“If Tumblr were a city of 42 million,” [new Editor Jessica] Bennett said, referring to the number of Tumblr blogs that exist, “I’m trying to figure out how we cover the ideas, themes and people who live in it.”

Storytelling matters. For openness, agility, and collaboration.

But wait — wouldn’t hiring reporters violate Mozilla’s whole DIY spirit? I don’t think so. Phillip captures it well:

Sources going direct” is both empowering, and limited. Some people are great at public speaking, giving interviews, producing rapid prototypes, writing lengthy essays on governance in newsgroups…

But, as a generalization, most people are not mind-blowingly excellent at telling their own stories. Call it humility, call it being busy, or maybe chalk it up to just not having gotten the hang of “talking out loud” — the important point is that we’re currently missing a lot of the most interesting stories and work in Mozilla because they’re not being told well, or not being told at all because we simply don’t know about them.

Reading and summarizing Planet Mozilla — so you don’t have to?

Here at the Mozilla Foundation we’ve been experimenting with our own firehose problem via these new weekly updates. We sprint and document together in our weekly community calls via etherpad, then have dedicated storytellers turn that grist into more polished update posts that real humans can read.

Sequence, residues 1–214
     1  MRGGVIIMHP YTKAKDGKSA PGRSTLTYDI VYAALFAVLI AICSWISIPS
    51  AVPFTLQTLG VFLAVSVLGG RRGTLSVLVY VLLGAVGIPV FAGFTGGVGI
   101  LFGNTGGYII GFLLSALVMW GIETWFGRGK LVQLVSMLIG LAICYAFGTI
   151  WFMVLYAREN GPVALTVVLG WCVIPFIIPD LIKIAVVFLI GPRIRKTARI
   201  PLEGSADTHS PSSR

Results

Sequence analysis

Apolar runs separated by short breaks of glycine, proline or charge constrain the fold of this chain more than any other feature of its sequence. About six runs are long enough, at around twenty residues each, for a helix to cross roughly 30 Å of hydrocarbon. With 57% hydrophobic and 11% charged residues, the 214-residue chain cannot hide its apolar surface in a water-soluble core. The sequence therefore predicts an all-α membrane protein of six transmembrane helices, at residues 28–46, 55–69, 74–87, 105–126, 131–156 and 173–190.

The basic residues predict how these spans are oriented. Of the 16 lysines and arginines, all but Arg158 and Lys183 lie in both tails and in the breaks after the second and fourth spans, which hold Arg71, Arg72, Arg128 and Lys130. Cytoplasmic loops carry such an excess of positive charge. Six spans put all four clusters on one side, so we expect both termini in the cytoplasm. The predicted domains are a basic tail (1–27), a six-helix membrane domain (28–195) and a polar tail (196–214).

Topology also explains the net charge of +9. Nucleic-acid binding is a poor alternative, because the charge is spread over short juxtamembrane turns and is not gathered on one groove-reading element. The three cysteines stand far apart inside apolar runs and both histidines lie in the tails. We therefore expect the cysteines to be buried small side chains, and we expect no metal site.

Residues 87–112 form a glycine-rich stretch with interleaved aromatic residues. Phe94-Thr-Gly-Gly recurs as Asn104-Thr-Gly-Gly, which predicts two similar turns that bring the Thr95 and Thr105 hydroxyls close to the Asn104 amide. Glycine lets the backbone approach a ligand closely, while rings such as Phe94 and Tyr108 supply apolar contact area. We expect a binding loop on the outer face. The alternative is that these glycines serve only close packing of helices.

What if we were to do that for all of Mozilla? Feeding the best work from Planet Mozilla into a multimedia package and digest that gets presented and amplified in Mozilla’s weekly all hands meetings?

What do you think? Has Mozilla-ville has grown large enough — and Planet Mozilla so full of great stories — that we could use a reporter covering it like a beat?



  • I absolutely agree with the premise of the article.  It’s a necessary outcome of Mozilla’s growth.  Manage the info flood, or it drowns you.

    /me updates resume…

  • A weekly podcast like TWiT could work. When I was at Mozilla I wanted to do one, just never had time. Would there be enough content for maybe 30 minutes?

    • Thanks for adding that example to the mix, Ryan.
      This Week in Tech:

      Could start with a simple summary blog to start. Then definitely grow into something more multimedia, using tools like hyperaudio and Mozilla Popcorn, etc.